The Code does not prohibit judges from joining social networking sites, thus you may continue to be a member of Facebook, taking care to conform your activities with the Code.  A judge's "friending" attorneys on social networking sites creates the impression that those attorneys are in a special position to influence the judge.  Therefore, the Code does not permit you to "friend" any attorney who may appear before you, The pervasiveness of social media in today's society makes this situation one which requires a judge to "accept restrictions on the judge's conduct that might be viewed as burdensome by the ordinary citizen."  Commentary to Section 2A. 

(Mike Frisch)

April 6, 2012 in Judicial Ethics and the Courts | Permalink | Comments (0) | TrackBack (0)

Clucking Defiance

The Iowa Supreme Court has imposed a thirty day suspension of an attorney who had closed his practice in May 2010.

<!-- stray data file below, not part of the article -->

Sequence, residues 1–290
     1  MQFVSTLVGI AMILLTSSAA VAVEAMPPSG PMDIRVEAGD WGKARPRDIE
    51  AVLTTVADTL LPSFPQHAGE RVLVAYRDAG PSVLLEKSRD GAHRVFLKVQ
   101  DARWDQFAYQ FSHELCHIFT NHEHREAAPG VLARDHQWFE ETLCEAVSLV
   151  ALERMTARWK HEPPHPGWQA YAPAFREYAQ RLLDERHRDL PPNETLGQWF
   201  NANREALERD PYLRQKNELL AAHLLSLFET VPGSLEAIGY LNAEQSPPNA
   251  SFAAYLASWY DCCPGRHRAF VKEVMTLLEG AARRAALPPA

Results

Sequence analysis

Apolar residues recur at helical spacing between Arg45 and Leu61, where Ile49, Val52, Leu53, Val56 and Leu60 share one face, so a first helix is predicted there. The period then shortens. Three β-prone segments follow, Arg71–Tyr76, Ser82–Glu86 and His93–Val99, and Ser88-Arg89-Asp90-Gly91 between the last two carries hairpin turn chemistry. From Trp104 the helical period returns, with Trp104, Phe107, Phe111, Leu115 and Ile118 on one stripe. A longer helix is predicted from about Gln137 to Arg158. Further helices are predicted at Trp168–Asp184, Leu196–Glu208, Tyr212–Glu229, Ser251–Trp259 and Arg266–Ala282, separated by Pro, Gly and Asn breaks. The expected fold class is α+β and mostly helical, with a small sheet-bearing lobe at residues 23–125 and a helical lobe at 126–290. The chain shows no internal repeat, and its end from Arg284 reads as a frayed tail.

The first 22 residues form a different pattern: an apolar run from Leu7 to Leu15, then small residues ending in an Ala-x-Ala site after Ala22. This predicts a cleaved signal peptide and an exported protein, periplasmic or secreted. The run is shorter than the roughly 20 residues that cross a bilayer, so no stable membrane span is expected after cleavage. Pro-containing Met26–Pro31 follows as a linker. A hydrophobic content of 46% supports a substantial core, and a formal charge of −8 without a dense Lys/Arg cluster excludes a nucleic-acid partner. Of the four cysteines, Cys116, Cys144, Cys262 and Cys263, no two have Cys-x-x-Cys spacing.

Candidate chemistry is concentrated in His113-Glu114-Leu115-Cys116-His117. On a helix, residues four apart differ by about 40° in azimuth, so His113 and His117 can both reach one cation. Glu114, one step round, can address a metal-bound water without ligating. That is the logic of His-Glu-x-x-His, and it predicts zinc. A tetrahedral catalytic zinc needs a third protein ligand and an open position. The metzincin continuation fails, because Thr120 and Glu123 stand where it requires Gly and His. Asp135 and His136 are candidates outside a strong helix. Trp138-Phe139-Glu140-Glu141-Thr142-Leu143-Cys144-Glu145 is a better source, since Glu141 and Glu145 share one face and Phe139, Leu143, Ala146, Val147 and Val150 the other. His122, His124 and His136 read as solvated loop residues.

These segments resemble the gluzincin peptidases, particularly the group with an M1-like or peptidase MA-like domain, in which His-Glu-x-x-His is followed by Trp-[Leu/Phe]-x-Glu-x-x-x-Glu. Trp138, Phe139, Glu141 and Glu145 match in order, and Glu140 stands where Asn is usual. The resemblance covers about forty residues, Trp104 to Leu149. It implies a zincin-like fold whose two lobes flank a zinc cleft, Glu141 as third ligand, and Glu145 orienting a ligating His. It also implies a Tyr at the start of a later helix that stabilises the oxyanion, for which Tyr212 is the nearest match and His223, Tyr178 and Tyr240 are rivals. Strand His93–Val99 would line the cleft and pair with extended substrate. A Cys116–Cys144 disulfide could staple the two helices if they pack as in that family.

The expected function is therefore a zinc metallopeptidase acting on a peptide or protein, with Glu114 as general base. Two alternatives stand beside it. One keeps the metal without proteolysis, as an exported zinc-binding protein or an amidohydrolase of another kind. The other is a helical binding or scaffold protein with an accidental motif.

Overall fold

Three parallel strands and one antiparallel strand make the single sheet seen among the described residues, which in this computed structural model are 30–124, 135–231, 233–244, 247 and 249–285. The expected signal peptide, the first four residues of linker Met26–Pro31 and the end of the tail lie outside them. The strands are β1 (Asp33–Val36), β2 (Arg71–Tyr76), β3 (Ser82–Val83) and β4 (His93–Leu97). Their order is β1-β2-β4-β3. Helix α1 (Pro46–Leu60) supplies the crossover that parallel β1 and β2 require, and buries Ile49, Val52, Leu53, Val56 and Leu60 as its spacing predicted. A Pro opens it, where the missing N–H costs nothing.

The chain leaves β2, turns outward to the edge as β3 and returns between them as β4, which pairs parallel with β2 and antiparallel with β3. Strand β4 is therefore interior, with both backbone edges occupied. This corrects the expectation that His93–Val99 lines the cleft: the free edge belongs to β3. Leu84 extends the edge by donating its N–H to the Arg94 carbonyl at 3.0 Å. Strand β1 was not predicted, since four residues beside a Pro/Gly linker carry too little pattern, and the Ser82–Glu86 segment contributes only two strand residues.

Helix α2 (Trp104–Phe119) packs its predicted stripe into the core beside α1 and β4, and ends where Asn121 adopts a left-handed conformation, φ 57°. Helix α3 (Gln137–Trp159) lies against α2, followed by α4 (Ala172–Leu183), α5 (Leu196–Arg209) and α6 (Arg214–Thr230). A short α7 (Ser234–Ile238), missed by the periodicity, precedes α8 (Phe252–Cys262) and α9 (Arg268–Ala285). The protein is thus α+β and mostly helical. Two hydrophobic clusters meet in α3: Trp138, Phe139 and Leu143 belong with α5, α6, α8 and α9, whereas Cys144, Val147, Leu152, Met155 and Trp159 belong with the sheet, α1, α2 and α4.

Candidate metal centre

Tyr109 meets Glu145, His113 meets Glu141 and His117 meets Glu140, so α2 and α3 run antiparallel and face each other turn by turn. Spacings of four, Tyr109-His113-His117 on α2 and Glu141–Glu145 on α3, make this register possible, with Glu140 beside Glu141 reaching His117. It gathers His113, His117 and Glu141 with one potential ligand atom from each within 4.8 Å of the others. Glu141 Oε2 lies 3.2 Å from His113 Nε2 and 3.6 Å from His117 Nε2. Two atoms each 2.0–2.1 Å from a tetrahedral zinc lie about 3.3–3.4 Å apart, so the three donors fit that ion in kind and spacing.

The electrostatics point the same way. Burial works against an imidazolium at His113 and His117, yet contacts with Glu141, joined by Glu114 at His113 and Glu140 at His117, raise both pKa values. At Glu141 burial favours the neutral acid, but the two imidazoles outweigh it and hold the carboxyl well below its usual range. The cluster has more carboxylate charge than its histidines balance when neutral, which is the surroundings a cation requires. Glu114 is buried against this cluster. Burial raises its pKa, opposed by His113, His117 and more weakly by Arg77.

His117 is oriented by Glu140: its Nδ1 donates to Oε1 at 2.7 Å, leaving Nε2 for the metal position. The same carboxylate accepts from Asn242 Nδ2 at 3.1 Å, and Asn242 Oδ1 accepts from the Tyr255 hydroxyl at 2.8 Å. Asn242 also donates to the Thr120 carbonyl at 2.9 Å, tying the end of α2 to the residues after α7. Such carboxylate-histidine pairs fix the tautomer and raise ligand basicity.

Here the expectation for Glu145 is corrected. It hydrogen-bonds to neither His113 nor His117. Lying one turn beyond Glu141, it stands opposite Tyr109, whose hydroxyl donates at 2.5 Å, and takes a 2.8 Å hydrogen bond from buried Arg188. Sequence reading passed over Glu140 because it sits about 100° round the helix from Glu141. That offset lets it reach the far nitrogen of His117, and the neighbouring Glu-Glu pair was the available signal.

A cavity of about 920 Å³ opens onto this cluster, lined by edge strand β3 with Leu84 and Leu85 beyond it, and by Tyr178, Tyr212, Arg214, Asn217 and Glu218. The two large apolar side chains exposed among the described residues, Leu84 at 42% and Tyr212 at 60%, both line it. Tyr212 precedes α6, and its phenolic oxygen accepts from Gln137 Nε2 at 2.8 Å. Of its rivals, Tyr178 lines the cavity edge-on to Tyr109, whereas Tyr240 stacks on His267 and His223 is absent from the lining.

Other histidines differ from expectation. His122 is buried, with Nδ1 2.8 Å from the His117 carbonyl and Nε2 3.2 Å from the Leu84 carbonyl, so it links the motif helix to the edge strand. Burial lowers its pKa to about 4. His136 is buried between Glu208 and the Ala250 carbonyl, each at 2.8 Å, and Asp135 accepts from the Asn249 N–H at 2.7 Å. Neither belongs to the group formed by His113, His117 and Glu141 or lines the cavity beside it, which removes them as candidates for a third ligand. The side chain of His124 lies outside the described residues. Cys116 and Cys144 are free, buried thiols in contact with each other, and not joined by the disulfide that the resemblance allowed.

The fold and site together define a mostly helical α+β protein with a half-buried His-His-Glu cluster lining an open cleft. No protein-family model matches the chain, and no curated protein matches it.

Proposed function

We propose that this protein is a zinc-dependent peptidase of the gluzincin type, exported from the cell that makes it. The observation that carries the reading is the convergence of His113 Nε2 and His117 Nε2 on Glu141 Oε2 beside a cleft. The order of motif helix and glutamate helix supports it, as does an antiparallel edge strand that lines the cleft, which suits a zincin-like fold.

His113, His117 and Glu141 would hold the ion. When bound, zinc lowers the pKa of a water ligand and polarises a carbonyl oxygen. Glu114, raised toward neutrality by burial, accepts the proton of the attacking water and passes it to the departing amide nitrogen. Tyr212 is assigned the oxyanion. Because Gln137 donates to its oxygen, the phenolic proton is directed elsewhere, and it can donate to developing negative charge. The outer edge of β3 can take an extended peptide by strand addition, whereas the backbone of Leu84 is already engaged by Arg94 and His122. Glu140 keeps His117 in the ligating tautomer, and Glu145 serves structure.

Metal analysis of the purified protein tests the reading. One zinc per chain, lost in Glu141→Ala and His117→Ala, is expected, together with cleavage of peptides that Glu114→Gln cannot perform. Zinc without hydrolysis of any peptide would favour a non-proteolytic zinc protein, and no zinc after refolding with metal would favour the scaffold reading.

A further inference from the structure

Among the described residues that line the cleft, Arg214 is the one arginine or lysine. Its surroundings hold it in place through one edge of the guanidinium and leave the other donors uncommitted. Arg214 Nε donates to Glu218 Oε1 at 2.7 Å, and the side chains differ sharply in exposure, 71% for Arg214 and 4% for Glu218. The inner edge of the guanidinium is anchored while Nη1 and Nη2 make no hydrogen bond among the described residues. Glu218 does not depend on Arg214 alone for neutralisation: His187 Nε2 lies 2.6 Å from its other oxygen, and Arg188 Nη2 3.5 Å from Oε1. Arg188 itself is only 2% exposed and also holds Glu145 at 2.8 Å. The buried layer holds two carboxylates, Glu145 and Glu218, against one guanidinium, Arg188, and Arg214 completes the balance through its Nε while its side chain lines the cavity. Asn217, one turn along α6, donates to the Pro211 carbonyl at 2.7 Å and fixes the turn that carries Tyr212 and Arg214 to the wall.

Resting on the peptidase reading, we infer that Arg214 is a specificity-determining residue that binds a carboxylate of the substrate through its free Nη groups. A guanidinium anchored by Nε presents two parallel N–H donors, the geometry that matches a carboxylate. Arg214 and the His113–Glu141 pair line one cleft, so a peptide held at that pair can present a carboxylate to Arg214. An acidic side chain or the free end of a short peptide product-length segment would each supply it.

The attorney accepted a non-refundable $2,500 retainer to represent a client on state criminal charges. The state charges were dismissed when federal charges were brought, which the attorney did not handle. He nonetheless removed the full fee from his trust account and refused to refund any portion.

The court found that the fee was unreasonable and that its removal from the trust account violated ethical rules.

Further, the attorney was "uncooperative and unapologetic." He '[a]lmost defiantly, but without support...maintained that the fee was not unreasonable."

The title is an homage to my friend and erstwhile colleague Ross Dicker's favorite lawyer joke: what is the difference between a rooster and a lawyer? (Mike Frisch)